English dictionary of medical terms (23)

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[Multilingual]No:440 - cystitis
inflammation of the urinary bladder.
[Multilingual]No:441 - cystoscopy
direct visual examination of the urinary tract with a cystoscope.
[Multilingual]No:442 - cytochrome
(cyto- + Gr. chroma colour) any electron transfer hemoprotein having a mode of action in which the transfer of a single electron is effected by a reversible valence change of the central iron atom of the heme prosthetic group between the +2 and +3 oxidation states; classified as cytochromes a in which the heme contains a formyl side chain, cytochromes b, which contain protoheme or a closely similar heme that is not covalently bound to the protein, cytochromes c in which protoheme or other heme is covalently bound to the protein, and cytochromes d in which the iron-tetrapyrrole has fewer conjugated double bonds than the hemes have. Well-known cytochromes have been numbered consecutively within groups and are designated by subscripts (beginning with no subscript), e.g. cytochromes c, c1, C2, ... New cytochromes are named according to the wavelength in nanometres of the absorption maximum of the a-band of the iron (II) form in pyridine, e.g., c-555.
[Multilingual]No:443 - cytoplasm
(cyto- + Gr. plasma plasm) the protoplasm of a cell exclusive of that of the nucleus; it consists of a continuous aqueous solution (cytosol) and the organelles and inclusions suspended in it (phaneroplasm), and is the site of most of the chemical activities of the cell.
[Multilingual]No:444 - cytostatic
(cyto- + Gr. statikos bringing to a stand-still) an agent that suppresses cell growth and multiplication.
[Multilingual]No:445 - cytotoxic
pertaining to or exhibiting cytotoxicity.
[Multilingual]No:446 - decompensation
failure of compensation; cardiac decompensation is marked by dyspnea, venous engorgement, and edema.
[Multilingual]No:447 - decongestant
an agent that reduces congestion or swelling.
[Multilingual]No:448 - decorum
propriety and good taste especially in conduct, manners, or appearance.
[Multilingual]No:449 - decubitus
(L. 'a lying down') an act of lying down; also the position assumed in lying down.
[Multilingual]No:450 - defaecation
the act or process of defecating, discharge of feces.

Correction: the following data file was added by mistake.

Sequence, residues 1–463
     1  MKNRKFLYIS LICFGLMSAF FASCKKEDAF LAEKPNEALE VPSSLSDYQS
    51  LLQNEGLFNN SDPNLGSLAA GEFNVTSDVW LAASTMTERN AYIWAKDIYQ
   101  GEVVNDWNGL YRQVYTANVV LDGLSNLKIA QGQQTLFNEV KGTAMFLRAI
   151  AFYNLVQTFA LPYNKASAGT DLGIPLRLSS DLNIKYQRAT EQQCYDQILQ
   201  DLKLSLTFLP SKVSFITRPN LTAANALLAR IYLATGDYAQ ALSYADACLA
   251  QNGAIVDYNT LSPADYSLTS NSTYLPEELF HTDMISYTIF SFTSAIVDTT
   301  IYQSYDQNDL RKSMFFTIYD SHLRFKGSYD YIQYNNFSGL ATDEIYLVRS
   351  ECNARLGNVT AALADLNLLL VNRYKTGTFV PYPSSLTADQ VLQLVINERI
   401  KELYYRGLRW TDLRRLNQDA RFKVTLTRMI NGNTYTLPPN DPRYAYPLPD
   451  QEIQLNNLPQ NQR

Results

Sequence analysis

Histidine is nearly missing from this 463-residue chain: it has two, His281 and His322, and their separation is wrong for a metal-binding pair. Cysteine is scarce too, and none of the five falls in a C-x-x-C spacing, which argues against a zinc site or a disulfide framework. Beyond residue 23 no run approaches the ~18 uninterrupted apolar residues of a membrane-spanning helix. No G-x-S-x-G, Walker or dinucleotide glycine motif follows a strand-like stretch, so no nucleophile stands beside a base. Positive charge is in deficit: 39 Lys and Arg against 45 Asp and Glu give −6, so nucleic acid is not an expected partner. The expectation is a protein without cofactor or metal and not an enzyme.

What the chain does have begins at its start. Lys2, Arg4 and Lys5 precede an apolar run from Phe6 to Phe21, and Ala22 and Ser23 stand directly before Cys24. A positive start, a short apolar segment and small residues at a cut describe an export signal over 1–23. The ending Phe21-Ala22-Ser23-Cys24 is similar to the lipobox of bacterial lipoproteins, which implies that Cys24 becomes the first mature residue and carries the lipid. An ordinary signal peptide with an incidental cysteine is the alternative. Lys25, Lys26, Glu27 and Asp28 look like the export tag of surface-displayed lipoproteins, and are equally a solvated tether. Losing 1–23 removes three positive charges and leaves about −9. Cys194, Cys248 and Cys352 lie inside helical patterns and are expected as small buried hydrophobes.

[Multilingual]No:451 - defibrillation
the act to arrest the fibrillation of (heart muscle) by applying electric shock across the chest, thus depolarizing the heart cells and allowing normal rhythm to return.
[Multilingual]No:452 - deficiency
a lack or defect.
[Multilingual]No:453 - deficit
a lack or deficiency.
[Multilingual]No:454 - degenerative
undergoing degeneration : tending to degenerate; having the character of or involving degeneration; causing or tending to cause degeneration.
[Multilingual]No:455 - degradation
the reduction of a chemical compound to one less complex, as by splitting off one or more groups.
[Multilingual]No:456 - dehydration
(L. de away + Gr. hydor water) the condition that results from excessive loss of body water. Called also anhydration, deaquation and hypohydration.
[Multilingual]No:457 - delirium
(de- + L. lira furrow or track; i.e., 'off the track') (DSM III-R) an acute, reversible organic mental disorder characterized by reduced ability to maintain attention to external stimuli and disorganized thinking as manifested by rambling, irrelevant, or incoherent speech; there are also a reduced level of consciousness, sensory misperceptions, disturbance of the sleep-wakefulness cycle and level of psychomotor activity, disorientation to time, place, or person, and memory impairment. Delirium may be caused by a large number of conditions resulting in derangement of cerebral metabolism, including systemic infection, poisoning, drug intoxication or withdrawal, seizures or head trauma, and metabolic disturbances such as hypoxia, hypoglycaemia, fluid, electrolyte, or acid-base imbalances, or hepatic or renal failure. Called also acute confusional state and acute brain syndrome.
[Multilingual]No:458 - dementia
(de- + L. mens mind) (DSM III) an organic mental disorder characterized by a general loss of intellectual abilities involving impairment of memory, judgment, and abstract thinking as well as changes in personality. It does not include loss of intellectual functioning caused by clouding of consciousness (as in delirium) nor that caused by depression or other functional mental disorder (pseudodementia). Dementia may be caused by a large number of conditions, some reversible and some progressive, that cause widespread cerebral and damage or dysfunction. The most common cause is Alzheimer's disease; others are cerebrovascular disease (multi-infarct dementia), central nervous system infection, brain trauma or tumours, pernicious anaemia, folic acid deficiency, Wernicke-Korsakoff syndrome, normal-pressure hydrocephalus, and, neurological diseases such as Huntington's chorea, multiple sclerosis, and Parkinson's disease.
[Multilingual]No:459 - demulcent
soothing; bland; allaying the irritation of inflamed or abraded surfaces.

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